Just 28 seconds later, the Flyers got what they had wanted as Sanheim (7) scored his second goal of the game while Halak was helpless as his defense lacked in coverage.

Philippe Myers (11) and Couturier (26) tallied the assists on Sanheim’s game-tying goal and the score was even, 5-5, at 12:58 of the third period.

At the horn, the two teams were heading to overtime, tied, 5-5, on the scoreboard, despite the Flyers leading the Bruins, 35-28, in shots on goal.

Philadelphia notched the advantage in takeaways (7-3) and giveaways (9-7), while Boston led in blocked shots (15-8), hits (28-24) and faceoff win% (59-41)

As there were no penalties called past regulation, the Flyers finished 1/3 on the skater advantage, while the B’s went 1/2 on the power play.

In overtime, Cassidy elected to start Bergeron, Pastrnak and John Moore, while Philadelhia’s head coach, Alain Vigneault, matched Boston’s starters with Couturier, Voracek and Ivan Provorov on the blue line.

Neither team could find the back of the net in the extra frame, despite the Flyers leading in shots on goal in overtime, 4-3.

At the horn the Flyers finished the evening leading in shots on goal (39-31) and giveaways (10-7), while the Bruins ended the night leading in blocked shots (19-10), hits (31-24) and faceoff win% (59-41).

Before both teams could vacate the ice, however, a shootout was needed to determine the winner of the extra point in the league standings.

Philadelphia chose to shoot first and sent out Hayes, but the veteran forward tried to go low with a forehand shot and was denied by Halak’s leg pad.

Boston retaliated with the NHL’s leading goal scorer in Pastrnak, but No. 88 in black and gold deked and tried to go backhand and was stopped by Hart with a pad save– leaving the first round of the shootout still even at, 0-0.

Next up for the Flyers was none other than Philly’s captain himself, Claude Giroux, as Giroux skated in on Halak– elevating a shot over the Bruins goaltender that rang the post and bounced off of Halak’s back and out.

Cassidy matched Vigneault’s second shooter with Coyle, but Coyle was denied by Hart with a glove save after the third line center sitckhandled and didn’t get enough on his shot to duplicate Giroux’s effort at elevating the puck.

Couturier was the first shooter of the third round and hit the post with a backhand shot that might had deflected off of Halak’s glove before catching the iron and going wide.

DeBrusk was Boston’s third choice in the shootout, but tried to go five-hole (a classic move for the B’s in shootouts this season) and was stoned by Hart with a predictable save.

Farabee had the chance to put the Flyers ahead with the first advantage in the shootout, but couldn’t get enough on a low-blocker side attempt as Halak turned the puck away.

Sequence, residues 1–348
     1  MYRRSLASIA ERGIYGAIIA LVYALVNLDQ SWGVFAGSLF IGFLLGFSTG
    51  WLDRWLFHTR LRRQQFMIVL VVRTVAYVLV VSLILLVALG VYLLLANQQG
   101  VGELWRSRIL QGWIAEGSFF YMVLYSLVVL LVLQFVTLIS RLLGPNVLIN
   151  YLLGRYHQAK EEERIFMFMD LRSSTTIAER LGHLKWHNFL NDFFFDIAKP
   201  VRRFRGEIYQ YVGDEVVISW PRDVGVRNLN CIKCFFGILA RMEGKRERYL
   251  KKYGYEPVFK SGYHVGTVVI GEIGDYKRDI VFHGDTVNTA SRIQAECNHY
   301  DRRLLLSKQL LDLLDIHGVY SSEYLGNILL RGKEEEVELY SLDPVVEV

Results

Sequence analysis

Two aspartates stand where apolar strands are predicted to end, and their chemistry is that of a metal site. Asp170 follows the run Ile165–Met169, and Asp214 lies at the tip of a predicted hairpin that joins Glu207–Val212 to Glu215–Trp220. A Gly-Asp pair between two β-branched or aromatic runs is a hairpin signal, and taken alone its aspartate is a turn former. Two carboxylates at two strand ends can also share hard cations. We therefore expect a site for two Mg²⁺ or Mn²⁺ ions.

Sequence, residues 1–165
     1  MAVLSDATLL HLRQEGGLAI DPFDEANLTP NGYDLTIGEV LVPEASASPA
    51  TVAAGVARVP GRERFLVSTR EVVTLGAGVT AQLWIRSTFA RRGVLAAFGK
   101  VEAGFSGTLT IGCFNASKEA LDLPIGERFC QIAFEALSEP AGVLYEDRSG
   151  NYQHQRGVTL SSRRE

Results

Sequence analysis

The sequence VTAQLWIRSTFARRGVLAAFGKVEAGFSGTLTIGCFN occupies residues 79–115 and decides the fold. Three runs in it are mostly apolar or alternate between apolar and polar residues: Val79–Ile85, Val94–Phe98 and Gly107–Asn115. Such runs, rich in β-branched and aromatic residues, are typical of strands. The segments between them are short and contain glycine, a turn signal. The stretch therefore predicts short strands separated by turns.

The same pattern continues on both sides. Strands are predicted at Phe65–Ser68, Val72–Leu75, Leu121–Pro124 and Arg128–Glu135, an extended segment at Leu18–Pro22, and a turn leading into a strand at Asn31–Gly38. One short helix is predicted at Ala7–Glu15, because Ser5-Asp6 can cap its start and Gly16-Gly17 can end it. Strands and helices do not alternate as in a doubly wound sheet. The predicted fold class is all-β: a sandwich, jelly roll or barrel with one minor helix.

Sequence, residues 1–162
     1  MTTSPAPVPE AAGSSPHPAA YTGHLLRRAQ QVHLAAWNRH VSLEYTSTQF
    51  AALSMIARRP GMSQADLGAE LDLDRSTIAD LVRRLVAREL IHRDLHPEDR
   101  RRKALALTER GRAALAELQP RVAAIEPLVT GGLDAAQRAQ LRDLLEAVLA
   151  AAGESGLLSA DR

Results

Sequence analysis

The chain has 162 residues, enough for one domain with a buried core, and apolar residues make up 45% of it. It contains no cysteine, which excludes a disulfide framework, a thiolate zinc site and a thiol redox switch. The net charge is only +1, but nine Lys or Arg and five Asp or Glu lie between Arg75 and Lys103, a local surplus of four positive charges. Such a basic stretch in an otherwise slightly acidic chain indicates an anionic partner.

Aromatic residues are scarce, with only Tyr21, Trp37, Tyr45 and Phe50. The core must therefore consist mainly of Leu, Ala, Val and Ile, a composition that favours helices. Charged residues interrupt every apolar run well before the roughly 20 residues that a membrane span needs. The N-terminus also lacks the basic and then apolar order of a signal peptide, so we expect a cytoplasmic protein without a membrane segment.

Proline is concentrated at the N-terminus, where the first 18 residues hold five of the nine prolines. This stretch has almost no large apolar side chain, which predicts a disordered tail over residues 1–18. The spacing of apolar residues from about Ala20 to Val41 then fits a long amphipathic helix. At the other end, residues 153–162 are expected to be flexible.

Despite scoring two goals in the game, Krejci’s shootout attempt left more to be desired as the veteran Bruin tried to go short side on Hart with a close range backhand shot that the Philadelphia netminder stopped with his leg pad.

Finally, in the 5th round of the shootout, Konecny connected on a goal with a shot off the post and in behind Halak’s glove.

Boston had to score to continue the shootout or they would lose, so Cassidy sent out Marchand thinking the noted puck handler could get the job done and extended the already extended effort.

Nope.

Marchand skated towards the puck at the center ice dot, barely scrapped the top of the vulcanized rubber with his stick and moved it a few inches from where an official had left it prior to the attempt and had his chance waved off by the refs as an official shot that did not reach the net.

The game ended on an untimely error that Marchand shrugged off in his postgame interview, whereas other players might have been too frustrated with themselves to speak or too embarrassed to show their face to reporters afterwards.

It’s one game. It was one attempt. It went wrong.

Unfortunately for the Bruins and their fans, it cost them the game.

But for the Flyers and the home crowd, Philadelphia had won, 6-5, in the shootout and handed Boston their 7th loss in a shootout this season.

The Flyers improved to 5-5 in shootouts, while the Bruins fell to 0-7 in the one-on-one– skater vs. goaltender mini-games.

Boston is now 3-12 past regulation this season as a result of the loss on Monday.

The Bruins fell to 18-6-8 when scoring the game’s first goal, 16-4-3 when leading after the first period and 14-0-6 when leading after two periods this season.

Boston concludes their three-game road trip (1-0-1) on Tuesday in Columbus before returning home for a home-and-home series with the Pittsburgh Penguins on Thursday and Sunday. After the Bruins swing through Pittsburgh on Jan. 19th, the B’s finish their game action before the All-Star break with a home game against the Vegas Golden Knights on Jan. 21st. 

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NHL Nick's Net

Flyers fly away with, 3-2, shootout win in Boston

Sean Couturier and Travis Konecny each had a pair of points, while Joel Farabee scored the only shootout goal in the Philadelphia Flyers’, 3-2, shootout victory over the Boston Bruins at TD Garden Sunday night.

Carter Hart (6-3-1 record, 2.71 goals against average, .893 save percentage in 11 games played) made 26 saves on 28 shots against for a .929 SV% in the shootout win for the Flyers.